Embracing Transparency: Valuing Patients As Informed Consumers
Feb 4, 2013 9:00 AM
When we make a significant purchase or shop for an important gift online, most of us search for some information about the product or service and pay close attention to customer reviews. Those opinions are not a perfect guide, but we do value them. And, above all, we respect those vendors who are transparent and who openly share genuine feedback. But is the same consideration appropriate in the health care environment?
Do patient satisfaction surveys matter?
Transparency in health care has yet to match the pace of the rest of the consumer market for several reasons. One argument against a reliance on patient satisfaction is based on a concept called “information asymmetry,” claiming that because patients do not know as much about their health and biology as their health care providers, they cannot be considered as informed consumers and therefore cannot judge the quality of the care they receive.
A provocative article in Forbes magazine even went so far as to say that sharing patient satisfaction data with other patients can drive unnecessary utilization—i.e. providers may feel pressure to over-treat in an effort to satisfy their patients more.
While it is important that we are ever vigilant about this potential and unintended consequence, I believe that sharing information and being transparent about our results is a vital step forward. The research bears this out. A systematic review of 55 publications in the British Medical Journal showed that patient experience is positively associated with clinical effectiveness and patient safety, and supports the case for the inclusion of patient experience as one of the central pillars of quality in healthcare.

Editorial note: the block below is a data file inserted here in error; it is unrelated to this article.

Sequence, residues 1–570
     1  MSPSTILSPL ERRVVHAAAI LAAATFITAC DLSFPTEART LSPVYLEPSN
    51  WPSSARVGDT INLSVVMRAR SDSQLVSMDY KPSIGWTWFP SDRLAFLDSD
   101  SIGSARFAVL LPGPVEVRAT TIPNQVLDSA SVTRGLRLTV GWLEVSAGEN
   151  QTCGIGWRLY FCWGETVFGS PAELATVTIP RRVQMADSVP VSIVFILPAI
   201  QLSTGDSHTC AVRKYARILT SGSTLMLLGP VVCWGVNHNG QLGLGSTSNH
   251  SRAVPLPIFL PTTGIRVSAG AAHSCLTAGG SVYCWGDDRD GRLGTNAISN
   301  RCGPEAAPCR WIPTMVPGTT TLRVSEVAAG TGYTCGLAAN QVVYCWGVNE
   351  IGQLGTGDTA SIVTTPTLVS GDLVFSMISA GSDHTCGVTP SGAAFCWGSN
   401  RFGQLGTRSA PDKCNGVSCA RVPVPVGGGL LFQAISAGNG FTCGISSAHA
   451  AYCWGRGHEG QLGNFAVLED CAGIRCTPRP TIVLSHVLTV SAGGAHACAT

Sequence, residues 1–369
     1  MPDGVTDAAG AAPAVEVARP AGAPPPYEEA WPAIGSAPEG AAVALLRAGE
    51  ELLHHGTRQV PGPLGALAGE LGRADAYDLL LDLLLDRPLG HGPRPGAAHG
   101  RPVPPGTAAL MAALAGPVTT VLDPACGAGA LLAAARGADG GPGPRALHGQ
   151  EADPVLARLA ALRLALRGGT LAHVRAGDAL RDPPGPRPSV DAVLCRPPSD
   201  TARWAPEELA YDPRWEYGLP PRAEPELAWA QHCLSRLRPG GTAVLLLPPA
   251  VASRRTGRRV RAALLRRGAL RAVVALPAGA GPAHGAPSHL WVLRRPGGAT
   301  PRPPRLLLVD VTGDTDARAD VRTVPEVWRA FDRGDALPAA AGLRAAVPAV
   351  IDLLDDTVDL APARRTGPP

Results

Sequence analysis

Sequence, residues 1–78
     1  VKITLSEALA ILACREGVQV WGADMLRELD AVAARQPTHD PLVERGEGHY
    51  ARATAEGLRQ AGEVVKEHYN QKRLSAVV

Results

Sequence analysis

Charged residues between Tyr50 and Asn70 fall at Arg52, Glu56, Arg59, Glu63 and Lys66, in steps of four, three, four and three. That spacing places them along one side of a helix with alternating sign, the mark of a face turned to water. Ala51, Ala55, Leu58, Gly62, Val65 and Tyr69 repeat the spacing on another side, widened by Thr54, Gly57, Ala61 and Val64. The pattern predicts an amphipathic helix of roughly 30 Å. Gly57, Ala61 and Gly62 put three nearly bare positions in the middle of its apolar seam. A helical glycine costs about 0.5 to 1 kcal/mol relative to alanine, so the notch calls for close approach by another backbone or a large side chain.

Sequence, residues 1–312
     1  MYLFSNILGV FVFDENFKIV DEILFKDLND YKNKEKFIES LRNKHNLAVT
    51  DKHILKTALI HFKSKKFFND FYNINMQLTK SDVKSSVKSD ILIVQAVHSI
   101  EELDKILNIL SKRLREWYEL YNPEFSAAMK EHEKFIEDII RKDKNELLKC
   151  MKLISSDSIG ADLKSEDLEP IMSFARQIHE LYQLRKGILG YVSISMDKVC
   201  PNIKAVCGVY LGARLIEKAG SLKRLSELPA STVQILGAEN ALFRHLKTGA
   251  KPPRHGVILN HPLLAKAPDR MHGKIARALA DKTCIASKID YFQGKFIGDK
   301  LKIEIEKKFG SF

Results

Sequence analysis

Since Dr. Lorris Betz launched the Exceptional Patient Experience initiative in 2008, we at the University of Utah have learned to take our patient satisfaction survey results very seriously. Our staff and clinicians know their results. We set and meet targets for improvement across most of the organization. And as a result, for academic medical centers, we have some of the highest patient satisfaction scores in the nation.
We are now entering into a new phase of transparency in patient satisfaction. We have begun to post on-line, together with all of our physician profiles, our patient Press-Ganey responses. We are effectively sharing all the data we have. To our knowledge, we are the first academic medical center to do so.
In my view, by sharing our Press Ganey data, we are in fact reducing “information asymmetry” in health care, and that helps us all do better. In health care, transparency is vital to our transformation. Patient satisfaction scores are just the beginning.comments powered by Disqus